British comedienne Anna Nicholson’s one woman comedy show Woman Of The Year centres on the premise that four women from disparate backgrounds have been (self?) nominated for the prestigious ‘Woman Of The Year’ Award and are all keen to convince the audience they deserve to win the title .
The show is subsequently structured around meeting each of the nominees, one by one, in their natural habitats and having them outline their claim to the title in order for the audience to make the decision who ultimately wins on the basis of a final popular vote.
It is a clever idea, and Nicholson keeps the pace up throughout by working through some lightning costume changes, and liberally using the disembodied announcer ‘Kevin The Voice’ to keep us abreast of where in the U.K. we will be travelling to next, as well as an effective device to pass the odd editorial comment. Nicholson also employs the impressive musical talent of Natalia Ainslie, who, sitting unobtrusively in the back corner of the stage, plays piano interludes and provides the backing for the four contestants’ obligatory musical numbers.
Nicholson’s characters are well drawn, but some are more appealing than others and this does cause a slight sense of overall imbalance in the show.
‘Denise’, who is a schoolmarmish shop assistant who works in the lingerie section of an upmarket British department store, works well. An author who has written a self-help tome especially for women, she is keen to use the contest as a vehicle to promote sales. She is also keen to replace an unfortunate audience member’s ill-chosen K-Mart brassiere with something more classier and aesthetically appropriate and at this performance as Nicholson leaves the helpless Claire nervously awaiting her fitting appointment for later in the show, in an example of how well structured this performance is.
‘Bianca’, a narcissistic vlogger, is consumed by the need to validate herself through the vainglorious use of social media, and this character is by far the strongest and funniest character in the show. With her street slang Newcastle accent, her vampish self-assurance, and her devotion to her selfish charity, ‘Save The Babes’, Bianca is obviously, from the audience reaction to her stage presence (which is most actively sought during her segments of the show), the one meant to be the prime candidate to win the contest.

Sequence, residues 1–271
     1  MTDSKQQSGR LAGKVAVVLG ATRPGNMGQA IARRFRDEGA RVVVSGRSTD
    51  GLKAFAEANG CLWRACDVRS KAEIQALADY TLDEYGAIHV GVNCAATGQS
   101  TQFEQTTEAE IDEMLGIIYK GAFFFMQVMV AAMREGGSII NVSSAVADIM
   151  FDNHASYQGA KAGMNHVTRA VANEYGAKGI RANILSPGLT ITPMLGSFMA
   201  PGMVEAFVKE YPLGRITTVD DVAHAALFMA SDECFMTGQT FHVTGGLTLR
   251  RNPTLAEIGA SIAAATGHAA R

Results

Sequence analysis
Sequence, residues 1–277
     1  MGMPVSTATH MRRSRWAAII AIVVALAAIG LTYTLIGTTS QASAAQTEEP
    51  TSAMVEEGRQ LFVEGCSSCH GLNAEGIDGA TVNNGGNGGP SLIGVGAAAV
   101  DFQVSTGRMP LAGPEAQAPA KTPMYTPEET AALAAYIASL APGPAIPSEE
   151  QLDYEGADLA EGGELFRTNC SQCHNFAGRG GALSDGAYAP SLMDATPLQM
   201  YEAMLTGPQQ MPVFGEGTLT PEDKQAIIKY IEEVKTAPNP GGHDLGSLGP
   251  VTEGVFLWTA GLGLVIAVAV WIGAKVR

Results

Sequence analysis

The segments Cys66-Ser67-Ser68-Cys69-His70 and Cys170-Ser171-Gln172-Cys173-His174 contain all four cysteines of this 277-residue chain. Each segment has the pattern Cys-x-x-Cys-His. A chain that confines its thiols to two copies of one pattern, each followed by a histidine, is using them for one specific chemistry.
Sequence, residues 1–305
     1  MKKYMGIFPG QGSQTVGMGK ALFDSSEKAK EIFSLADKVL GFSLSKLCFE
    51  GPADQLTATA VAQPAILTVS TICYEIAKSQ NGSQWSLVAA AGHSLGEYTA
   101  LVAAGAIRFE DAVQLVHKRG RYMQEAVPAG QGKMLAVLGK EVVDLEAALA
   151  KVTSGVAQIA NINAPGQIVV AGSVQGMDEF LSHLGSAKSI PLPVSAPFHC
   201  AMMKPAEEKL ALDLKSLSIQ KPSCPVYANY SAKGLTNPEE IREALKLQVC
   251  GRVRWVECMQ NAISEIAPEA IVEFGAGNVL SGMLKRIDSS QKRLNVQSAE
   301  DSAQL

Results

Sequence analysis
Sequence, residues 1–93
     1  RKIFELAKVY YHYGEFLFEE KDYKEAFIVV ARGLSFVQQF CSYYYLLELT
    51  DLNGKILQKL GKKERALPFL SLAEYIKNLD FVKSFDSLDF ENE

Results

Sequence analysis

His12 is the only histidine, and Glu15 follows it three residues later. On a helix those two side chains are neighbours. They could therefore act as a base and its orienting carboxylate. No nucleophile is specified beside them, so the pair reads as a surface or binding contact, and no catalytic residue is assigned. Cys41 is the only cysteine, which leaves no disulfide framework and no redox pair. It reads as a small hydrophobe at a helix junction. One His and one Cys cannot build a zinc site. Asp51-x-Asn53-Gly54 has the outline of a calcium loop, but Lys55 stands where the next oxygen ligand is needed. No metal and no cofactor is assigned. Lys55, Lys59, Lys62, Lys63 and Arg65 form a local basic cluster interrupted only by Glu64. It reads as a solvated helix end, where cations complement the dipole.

The weakest character situation wise is the local vicar at St Mark’s Church, ‘Reverend Ruth’. Nicholson seems to have the least ‘acting’ to do here, and the character is not exaggerated enough to be a successful archetypal caricature. Her funniest lines are built around the annual bake-off, which has limited scope for belly laughs, and the Reverend simply proves a hard person to warm to – which, then again, in a world which is placing less and less trust in those who peddle their own self-interests through religion, possibly may have been the point?
The last contestant, ‘Shirley’, is an over-sexed old aged pensioner. This character has lots of potential which is not fully exploited, although Nicholson plays the role with a good balance of gentle pathos and dark mischief, and also flirts with tragedy to good effect. Having Shirley appear last though, dealing with the inevitability of decrepitude and eventual loss, does mean the show ends on a rather low note.
There is no doubt that Nicholson is a talented comic actress who possesses a clear and powerful singing voice and whilst her show appears to lack balance at times, there is plenty to admire over the fifty minute duration of the show.
The show was developed by the artist in association with James Cary who has written comedy for the BBC – his most notable credit being the comedy show, Miranda – and has enjoyed a sell-out season at the 2018 Edinburgh Fringe, so it has a high degree of ‘comedy cred’ to recommend it.
Overall, it is an entertaining show. It’s fast paced, tightly structured, but not all of the characters will insinuate their way into your affections to the same extent.
Rating: 4 stars
Anna Nicholson: Woman Of The Year is being performed in the Ferguson Room at the National Wine Centre, corner of Hackney Road & Botanic Road, Adelaide, at 7:15pm, 26 & 27 February, and 2 March until 17 March (4 & 11 March excluded). Tickets are available HERE.